College Students Are Cheating, Hiring Kenyans To Complete Schoolwork
Education

American College Students Are Cheating By Hiring Kenyans To Do Their Schoolwork, Report

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American college students are increasingly hiring Kenyans to do their schoolwork, according to a recent CBS News investigation into the practice of “contract cheating.”

As online learning continues to take off due to the COVID-19 pandemic, this practice of outsourcing homework to Kenyan residents is also on the rise, the investigation found. American students are shelling out thousands of dollars to Kenyans to complete everything from class papers to entire degrees.

One Kenyan man told CBS that he was struggling to pay his bills before he started offering his services to American students. Soon, he developed a lucrative business, earning upwards of $2,000 per month. Americans typically pay Kenyan writers between $20 to $50 per page for essays. The Kenyans also finish schoolwork in other subjects, ranging from engineering to psychology.

“I did (one student’s) degree, and now I’m doing his master’s,” the Kenyan man told the news station. “He’s promised me that I’m also going to do his Ph.D.”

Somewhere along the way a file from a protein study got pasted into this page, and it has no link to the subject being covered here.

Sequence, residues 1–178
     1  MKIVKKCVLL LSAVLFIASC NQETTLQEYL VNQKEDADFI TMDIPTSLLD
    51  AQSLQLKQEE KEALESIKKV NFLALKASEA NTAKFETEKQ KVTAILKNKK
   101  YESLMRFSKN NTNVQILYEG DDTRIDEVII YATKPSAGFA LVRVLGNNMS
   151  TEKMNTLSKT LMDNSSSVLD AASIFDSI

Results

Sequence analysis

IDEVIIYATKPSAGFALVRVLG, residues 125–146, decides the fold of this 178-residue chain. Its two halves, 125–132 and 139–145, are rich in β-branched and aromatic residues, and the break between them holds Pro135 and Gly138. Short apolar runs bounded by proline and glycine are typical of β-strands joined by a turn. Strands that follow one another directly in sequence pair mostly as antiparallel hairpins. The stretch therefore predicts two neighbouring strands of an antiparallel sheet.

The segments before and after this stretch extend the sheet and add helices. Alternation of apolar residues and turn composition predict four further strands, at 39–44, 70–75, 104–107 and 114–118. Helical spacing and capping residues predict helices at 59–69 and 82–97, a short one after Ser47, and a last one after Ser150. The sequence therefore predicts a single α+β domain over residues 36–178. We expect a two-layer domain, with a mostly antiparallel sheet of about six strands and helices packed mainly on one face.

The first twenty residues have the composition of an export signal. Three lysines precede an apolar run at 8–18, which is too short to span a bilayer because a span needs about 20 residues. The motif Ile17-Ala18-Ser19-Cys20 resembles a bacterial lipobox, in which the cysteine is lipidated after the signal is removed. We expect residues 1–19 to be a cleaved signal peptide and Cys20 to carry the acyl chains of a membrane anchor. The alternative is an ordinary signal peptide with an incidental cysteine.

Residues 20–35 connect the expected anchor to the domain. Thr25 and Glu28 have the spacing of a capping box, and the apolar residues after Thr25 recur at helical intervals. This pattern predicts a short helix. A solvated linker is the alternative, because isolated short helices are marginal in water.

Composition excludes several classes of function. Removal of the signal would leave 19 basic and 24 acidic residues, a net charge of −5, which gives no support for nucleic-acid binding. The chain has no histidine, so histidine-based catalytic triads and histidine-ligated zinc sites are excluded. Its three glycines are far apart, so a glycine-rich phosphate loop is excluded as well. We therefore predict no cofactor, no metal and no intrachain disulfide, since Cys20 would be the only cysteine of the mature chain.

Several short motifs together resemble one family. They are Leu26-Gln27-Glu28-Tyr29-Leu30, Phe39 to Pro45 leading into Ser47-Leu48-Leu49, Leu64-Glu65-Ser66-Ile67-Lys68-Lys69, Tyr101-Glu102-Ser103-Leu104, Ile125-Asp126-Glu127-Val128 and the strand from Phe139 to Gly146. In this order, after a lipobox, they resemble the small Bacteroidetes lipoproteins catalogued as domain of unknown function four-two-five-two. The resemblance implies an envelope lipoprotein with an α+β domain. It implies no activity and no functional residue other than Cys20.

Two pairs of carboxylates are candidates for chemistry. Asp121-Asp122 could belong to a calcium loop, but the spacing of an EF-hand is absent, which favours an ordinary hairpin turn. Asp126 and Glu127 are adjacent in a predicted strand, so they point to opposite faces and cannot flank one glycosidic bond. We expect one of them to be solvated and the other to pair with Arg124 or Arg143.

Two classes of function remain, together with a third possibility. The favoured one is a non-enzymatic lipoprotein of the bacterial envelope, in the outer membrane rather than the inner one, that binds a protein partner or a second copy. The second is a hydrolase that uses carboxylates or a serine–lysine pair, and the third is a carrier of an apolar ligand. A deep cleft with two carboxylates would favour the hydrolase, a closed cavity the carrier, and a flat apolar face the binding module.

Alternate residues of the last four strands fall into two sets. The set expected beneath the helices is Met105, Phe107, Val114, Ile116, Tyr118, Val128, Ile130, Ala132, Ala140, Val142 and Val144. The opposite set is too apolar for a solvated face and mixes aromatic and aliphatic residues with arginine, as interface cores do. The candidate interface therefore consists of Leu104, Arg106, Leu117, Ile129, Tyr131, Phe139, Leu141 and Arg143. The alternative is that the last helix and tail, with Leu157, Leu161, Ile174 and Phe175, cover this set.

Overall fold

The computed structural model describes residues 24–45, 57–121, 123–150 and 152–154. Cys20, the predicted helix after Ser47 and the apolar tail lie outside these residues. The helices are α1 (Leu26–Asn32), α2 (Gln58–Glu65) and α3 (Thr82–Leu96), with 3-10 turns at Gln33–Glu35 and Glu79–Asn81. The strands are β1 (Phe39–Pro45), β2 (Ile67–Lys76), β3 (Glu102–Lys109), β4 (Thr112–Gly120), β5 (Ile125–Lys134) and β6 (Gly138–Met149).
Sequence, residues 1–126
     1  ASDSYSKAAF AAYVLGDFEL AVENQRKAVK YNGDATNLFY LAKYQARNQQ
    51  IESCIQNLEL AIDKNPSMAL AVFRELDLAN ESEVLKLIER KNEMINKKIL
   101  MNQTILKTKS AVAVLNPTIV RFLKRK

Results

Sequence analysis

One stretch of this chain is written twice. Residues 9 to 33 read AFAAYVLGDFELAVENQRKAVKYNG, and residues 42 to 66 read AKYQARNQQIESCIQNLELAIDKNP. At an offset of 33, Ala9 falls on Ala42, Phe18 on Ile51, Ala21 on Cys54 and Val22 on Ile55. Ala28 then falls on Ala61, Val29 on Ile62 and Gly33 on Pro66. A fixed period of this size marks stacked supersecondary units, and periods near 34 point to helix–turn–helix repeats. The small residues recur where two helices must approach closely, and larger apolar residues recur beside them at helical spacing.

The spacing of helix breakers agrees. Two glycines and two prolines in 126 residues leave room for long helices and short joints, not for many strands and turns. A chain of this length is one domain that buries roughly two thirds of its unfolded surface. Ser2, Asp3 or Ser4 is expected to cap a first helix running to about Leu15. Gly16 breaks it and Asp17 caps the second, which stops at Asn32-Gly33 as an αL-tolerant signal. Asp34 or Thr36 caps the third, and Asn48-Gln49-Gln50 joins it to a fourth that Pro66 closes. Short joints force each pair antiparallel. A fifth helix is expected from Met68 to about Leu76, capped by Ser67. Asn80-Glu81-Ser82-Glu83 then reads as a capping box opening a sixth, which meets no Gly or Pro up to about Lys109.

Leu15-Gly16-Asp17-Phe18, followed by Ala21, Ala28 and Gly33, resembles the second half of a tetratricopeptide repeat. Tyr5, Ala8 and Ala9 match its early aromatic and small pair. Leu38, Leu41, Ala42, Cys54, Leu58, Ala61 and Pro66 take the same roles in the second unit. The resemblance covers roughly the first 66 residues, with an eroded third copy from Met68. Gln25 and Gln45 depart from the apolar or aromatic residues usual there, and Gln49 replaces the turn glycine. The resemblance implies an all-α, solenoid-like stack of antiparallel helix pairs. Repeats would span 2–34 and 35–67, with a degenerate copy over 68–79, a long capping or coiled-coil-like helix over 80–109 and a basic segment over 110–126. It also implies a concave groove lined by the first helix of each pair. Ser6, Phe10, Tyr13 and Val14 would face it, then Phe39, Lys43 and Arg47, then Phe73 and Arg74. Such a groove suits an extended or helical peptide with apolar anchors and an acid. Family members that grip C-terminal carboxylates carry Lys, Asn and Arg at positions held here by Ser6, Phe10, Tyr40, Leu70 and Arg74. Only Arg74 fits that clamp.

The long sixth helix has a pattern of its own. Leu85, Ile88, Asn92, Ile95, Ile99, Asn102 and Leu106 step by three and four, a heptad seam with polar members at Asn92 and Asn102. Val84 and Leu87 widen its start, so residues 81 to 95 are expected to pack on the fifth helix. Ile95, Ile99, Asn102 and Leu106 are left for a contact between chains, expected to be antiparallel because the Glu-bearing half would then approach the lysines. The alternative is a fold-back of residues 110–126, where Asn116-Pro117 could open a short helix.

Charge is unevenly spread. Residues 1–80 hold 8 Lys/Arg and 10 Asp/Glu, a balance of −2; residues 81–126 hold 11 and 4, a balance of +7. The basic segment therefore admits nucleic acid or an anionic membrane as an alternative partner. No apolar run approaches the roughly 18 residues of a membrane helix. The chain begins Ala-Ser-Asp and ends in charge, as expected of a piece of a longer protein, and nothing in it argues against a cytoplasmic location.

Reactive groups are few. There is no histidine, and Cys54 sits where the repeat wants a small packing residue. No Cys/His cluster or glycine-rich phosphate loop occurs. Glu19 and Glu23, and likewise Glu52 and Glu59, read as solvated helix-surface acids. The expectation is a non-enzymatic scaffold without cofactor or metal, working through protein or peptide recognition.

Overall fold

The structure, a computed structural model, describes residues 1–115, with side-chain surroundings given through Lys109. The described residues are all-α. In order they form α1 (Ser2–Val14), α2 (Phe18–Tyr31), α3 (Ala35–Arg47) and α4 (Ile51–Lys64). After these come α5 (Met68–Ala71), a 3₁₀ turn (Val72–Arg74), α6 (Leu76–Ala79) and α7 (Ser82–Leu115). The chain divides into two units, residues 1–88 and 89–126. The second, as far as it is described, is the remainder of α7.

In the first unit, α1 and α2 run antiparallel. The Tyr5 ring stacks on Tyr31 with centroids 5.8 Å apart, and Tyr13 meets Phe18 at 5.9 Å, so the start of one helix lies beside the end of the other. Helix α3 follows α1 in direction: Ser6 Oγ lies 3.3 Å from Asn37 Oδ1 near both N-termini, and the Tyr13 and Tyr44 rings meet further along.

Contract cheating is illegal in 17 states, but the federal government has not banned the practice.

The U.S. Department of Education released a statement to CBS News explaining that the agency “is not permitted to exercise control over matters related to curriculum or academic policies of an institution.” In the instance of distance learning, the statement added that “regulations regarding distance education require that federally recognized accrediting agencies have requirements whereby institutions have processes in place that establish that any student who registers in a distance education course or program is the same student who engages in the course or program. These standards and processes help institutions identify instances of academic dishonesty. An accrediting agency could review those policies.”

Some education experts worry that contract cheating will lead to unqualified professionals, which is particularly troublesome in certain fields like healthcare.

“We trust our doctors have been to medical school,” David Rettinger, a professor of ethics at the University of Mary Washington, told CBS News.

Dawn Onley is a freelance writer based in the Washington, D.C., metropolitan area.


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